The foreign ministers of Azerbaijan, Türkiye, Armenia, Iran, and Russia gathered in Tehran on Monday to discuss the issues of common interest in the new format of collective efforts, known as the Consultative Regional Platform "3+3".
The second 3+3 summit highlighted a series of issues, including political, economic, transport, and cultural.
Although the Georgian government refused to attend, the meeting addressed the key questions pertaining to the domestic and foreign policy agenda of the regional nations.
Azerbaijan’s Foreign Minister Jeyhun Bayramov said at the summit that the 3+3 platform presents significant potential to complement existing bilateral and other cooperation formats, strengthen security and stability in the region, and reveal untapped potential for economic growth.
According to him, mutual respect for sovereignty, territorial integrity, inviolability of borders, and non-interference in internal affairs should form the cornerstone of collective efforts and regional cooperation.
Bayramov also weighed in on the growing importance of joint transport networks for the region, including the Baku-Tbilisi-Kars railway project of Azerbaijan, Türkiye, and Georgia, and the North-South Transport Corridor involving Azerbaijan, Iran, and Russia.
The commissioning of the transport links between Azerbaijan's East Zangezur economic region and Nakhchivan Autonomous Republic through the territory of Iran will serve mutually beneficial bilateral cooperation, as well as create a new connection artery to leverage the transport and transit potential in Eurasia, the Azerbaijani minister noted.
Bayramov’s Iranian counterpart Hossein Amir-Abdollahian reaffirmed the joint efforts of companies from Baku and Tehran to restore the direct connection between Azerbaijan’s mainland and Nakhchivan via the Islamic Republic’s territory.
“We believe that today is a historic opportunity for all our countries. The war in the South Caucasus is now over and the time has come for peace, cooperation and development in the Caucasus,” IRNA quoted Amir-Abdollahian as saying.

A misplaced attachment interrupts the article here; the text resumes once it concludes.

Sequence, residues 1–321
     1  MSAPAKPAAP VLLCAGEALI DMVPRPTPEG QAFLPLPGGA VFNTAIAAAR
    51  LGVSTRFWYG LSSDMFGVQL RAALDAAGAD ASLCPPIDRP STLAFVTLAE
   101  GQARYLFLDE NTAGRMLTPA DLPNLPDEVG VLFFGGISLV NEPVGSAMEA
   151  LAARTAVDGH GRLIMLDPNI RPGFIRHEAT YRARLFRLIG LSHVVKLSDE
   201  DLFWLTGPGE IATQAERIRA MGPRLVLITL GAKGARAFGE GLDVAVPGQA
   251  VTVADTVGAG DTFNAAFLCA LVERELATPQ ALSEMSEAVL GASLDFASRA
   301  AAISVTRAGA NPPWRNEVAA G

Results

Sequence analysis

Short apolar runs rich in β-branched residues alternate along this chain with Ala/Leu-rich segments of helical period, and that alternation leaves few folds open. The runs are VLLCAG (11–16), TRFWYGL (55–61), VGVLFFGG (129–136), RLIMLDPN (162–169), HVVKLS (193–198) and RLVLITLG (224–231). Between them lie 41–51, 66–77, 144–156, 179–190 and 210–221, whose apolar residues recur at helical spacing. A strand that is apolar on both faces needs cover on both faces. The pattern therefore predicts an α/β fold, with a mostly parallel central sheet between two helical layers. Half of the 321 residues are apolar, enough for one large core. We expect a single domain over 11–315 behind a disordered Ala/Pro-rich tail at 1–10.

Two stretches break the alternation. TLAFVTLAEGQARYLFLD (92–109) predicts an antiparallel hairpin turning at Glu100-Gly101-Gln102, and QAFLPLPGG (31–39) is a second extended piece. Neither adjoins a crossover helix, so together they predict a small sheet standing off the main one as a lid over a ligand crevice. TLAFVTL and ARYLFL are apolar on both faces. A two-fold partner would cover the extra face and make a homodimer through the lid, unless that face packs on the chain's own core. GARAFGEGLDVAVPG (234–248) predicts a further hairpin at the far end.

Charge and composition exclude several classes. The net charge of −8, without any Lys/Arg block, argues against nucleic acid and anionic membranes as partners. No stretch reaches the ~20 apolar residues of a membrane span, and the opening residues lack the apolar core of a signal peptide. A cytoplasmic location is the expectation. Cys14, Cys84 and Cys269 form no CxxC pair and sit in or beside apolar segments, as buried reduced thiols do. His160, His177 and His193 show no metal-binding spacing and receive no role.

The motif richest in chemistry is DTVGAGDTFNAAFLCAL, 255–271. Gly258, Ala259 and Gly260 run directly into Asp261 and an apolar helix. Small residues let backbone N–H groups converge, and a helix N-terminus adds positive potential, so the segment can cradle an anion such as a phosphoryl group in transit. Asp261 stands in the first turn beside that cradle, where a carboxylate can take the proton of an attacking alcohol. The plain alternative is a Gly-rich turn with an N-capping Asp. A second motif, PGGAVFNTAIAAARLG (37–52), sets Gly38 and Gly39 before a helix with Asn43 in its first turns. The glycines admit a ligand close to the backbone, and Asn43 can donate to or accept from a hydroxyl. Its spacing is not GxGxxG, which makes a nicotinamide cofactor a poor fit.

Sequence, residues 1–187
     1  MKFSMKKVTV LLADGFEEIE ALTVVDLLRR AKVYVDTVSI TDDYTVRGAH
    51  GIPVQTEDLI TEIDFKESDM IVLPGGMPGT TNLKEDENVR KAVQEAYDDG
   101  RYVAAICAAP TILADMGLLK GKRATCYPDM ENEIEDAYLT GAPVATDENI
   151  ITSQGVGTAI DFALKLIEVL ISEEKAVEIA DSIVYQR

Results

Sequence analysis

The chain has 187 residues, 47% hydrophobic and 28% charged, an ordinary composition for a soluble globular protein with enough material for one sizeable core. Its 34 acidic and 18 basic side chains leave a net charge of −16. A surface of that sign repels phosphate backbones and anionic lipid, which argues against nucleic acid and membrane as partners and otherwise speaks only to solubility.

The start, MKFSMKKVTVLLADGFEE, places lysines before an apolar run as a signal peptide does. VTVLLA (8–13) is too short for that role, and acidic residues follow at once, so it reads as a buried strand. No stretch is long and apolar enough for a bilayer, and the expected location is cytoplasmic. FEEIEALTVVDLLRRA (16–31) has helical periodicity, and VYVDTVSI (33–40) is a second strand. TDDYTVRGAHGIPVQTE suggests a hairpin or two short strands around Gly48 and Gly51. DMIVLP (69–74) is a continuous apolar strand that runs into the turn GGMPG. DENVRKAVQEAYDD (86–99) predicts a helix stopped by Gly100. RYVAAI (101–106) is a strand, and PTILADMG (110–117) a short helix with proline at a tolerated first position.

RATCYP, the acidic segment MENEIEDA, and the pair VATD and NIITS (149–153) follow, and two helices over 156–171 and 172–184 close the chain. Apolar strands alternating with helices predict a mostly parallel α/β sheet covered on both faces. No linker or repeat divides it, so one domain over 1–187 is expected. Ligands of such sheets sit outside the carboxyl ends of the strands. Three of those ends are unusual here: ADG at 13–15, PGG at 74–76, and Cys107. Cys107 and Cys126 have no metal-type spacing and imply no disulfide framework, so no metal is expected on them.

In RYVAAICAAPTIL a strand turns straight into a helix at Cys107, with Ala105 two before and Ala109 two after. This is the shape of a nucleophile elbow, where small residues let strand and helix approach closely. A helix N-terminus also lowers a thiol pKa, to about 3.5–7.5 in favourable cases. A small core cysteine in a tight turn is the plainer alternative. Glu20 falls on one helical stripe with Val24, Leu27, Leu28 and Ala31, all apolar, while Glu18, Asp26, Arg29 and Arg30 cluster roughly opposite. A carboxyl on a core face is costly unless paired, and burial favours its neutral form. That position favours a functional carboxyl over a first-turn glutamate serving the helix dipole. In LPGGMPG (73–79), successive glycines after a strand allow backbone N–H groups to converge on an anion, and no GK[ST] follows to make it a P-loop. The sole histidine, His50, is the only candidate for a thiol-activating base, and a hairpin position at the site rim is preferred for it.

The South Caucasus region witnessed one of the world’s most protracted conflicts between Armenia and Azerbaijan over the latter’s Karabakh (Garabagh) region. Following the Soviet Union’s dissolution in 1991, Armenia launched full-blown military aggression against Azerbaijan, marking the longest and deadliest war in the South Caucasus region. The bloody war ended with a ceasefire in 1994 and saw Armenia forcibly occupying 20 percent of Azerbaijan’s internationally recognized territories. Over 30,000 Azerbaijanis were killed, nearly 4,000 went missing, and one million were expelled from those lands in a brutal ethnic cleansing campaign conducted by Armenia.
On September 27, 2020, the Armenia-Azerbaijan conflict took a violent turn when Armenia’s forces deployed in occupied Azerbaijani lands shelled military positions and civilian settlements of Azerbaijan. During counter-attack operations, which lasted 44 days, Azerbaijani forces liberated over 300 settlements, including the cities of Jabrayil, Fuzuli, Zangilan, Gubadli, and Shusha, from a nearly 30-year-long illegal Armenian occupation. The war ended with the signing of a statement on November 10, 2020, under which Armenia also returned the occupied Aghdam, Kalbajar, and Lachin districts to Azerbaijan.
Shortly after the 2020 war, the Azerbaijani authorities voiced readiness and determination to launch negotiations with Armenia that would ultimately bring the long-awaited peace to the region. In March 2022, Baku submitted five basic principles to Yerevan, including mutual territorial integrity recognition and border delimitation activities.
Since the end of the war, there have been a series of high-level meetings between Azerbaijan and Armenia mediated by Russian, European, and American officials.
Minister Bayramov said in Tehran that ending the occupation of Azerbaijani territories and fully restoring the country’s sovereignty opens a new perspective for the normalization of relations between Baku and Yerevan.
He reiterated Azerbaijan’s fair and equal peace proposal based on mutual respect for each other's legitimate interests and expectations for mutual steps and a constructive approach from Armenia in order to quickly conclude the issues pertaining to the peace agreement.
Turkish Foreign Minister Hakan Fidan, for his part, stated that the path to regional peace and stability is through a comprehensive peace agreement between Azerbaijan and Armenia, and the opening of regional transport links will accelerate the normalization and peace processes.
Russia’s Foreign Minister Sergei Lavrov said Armenia and Azerbaijan settled the main unresolved problem between them by agreeing that the Karabakh region belongs to Azerbaijan. According to him, there should be practical steps to fully normalize relations, primarily to prepare a peace treaty, delineate borders, and establish transport economic ties without any obstacles.